While Trigon formally appointed the members of the Managed Care Advisory Panel, there is evidence that in practice members were chosen by the Virginia chapters of the American Academy of Pediatrics, the American Academy of Family Physicians, the American College of Physicians, and the American College of Surgeons, along with the Virginia Society of Internal Medicine, the Virginia Obstetrical and Gynecological Society, the Medical Society of Virginia, the University of Virginia Medical School, Eastern Virginia Medical School, and the Medical College of Virginia. See Letter from J. Lawrence Colley to Craig N. Bush of 5/2/97, Pls.' Ex. 27. As its name implies, the purpose of the Managed Care Advisory Panel was to advise Trigon on clinical issues related to managed care plans. See Norwood Dep. ¶ 6, Defs.' Ex. 7.
Finally, it is established in the record that the Managed Care Advisory Panel had no decision making authority, but acted in an advisory capacity to Trigon. As such, its members could not control Trigon's decisions. See id. ("`To give advice when asked by the decisionmaker is not equivalent to being the decisionmaker itself.'") (quoting Penn. Dental Ass'n v. Medical Serv. Ass'n, 745 F.2d 248, 259 (3d Cir. 1984)).
The plaintiffs' remaining allegations are that Trigon conspired with the BCBSA and the professional organizations that had representatives on the Managed Care Advisory Panel to restrict access to chiropractors. However, the record demonstrates that no conspiracy existed.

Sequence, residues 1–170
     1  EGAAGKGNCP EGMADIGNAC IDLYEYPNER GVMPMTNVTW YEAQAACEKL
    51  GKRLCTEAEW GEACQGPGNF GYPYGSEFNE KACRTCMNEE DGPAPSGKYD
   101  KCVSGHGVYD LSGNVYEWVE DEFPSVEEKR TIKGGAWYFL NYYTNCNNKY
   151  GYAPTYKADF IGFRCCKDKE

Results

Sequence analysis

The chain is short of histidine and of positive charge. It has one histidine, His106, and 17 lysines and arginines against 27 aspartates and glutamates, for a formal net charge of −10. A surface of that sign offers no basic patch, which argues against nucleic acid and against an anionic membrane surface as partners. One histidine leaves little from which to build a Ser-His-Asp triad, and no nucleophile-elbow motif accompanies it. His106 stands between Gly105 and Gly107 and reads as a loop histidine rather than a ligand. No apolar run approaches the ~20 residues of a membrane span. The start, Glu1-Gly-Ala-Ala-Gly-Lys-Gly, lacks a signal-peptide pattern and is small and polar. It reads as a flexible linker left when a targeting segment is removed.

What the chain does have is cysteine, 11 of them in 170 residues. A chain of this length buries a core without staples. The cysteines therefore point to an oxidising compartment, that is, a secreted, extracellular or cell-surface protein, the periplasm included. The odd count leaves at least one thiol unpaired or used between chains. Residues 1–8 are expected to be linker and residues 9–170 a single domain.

The Supreme Court has declared that to establish the existence of concerted action, a plaintiff must prove that two or more persons possessed "a unity of purpose or a common design and understanding, or a meeting of minds in an unlawful arrangement." Am. Tobacco Co. v. United States, 328 U.S. 781, 810 (1946). "[T]here must be direct or circumstantial evidence that reasonably tends to prove that [the parties] had a conscious commitment to a common scheme designed to achieve an unlawful objective." Monsanto Co. v. Spray-Rite Serv. Corp., 465 U.S. 752, 768 (1984).
Where, as here, the allegations of an antitrust conspiracy are based on circumstantial evidence, the Supreme Court has set forth the standard for what constitutes sufficient evidence of a conspiracy and has limited the range of permissible inferences that can be drawn from circumstantial evidence. "The correct standard is that there must be evidence that tends to exclude the possibility of independent action by the [defendants]." Monsanto, 465 U.S. at 768. "To survive a motion for summary judgment . . . a plaintiff seeking damages for a violation of § 1 must present evidence `that tends to exclude the possibility' that the alleged conspirators acted independently." Matsushita Elec. Indus. Co., 475 U.S. at 588.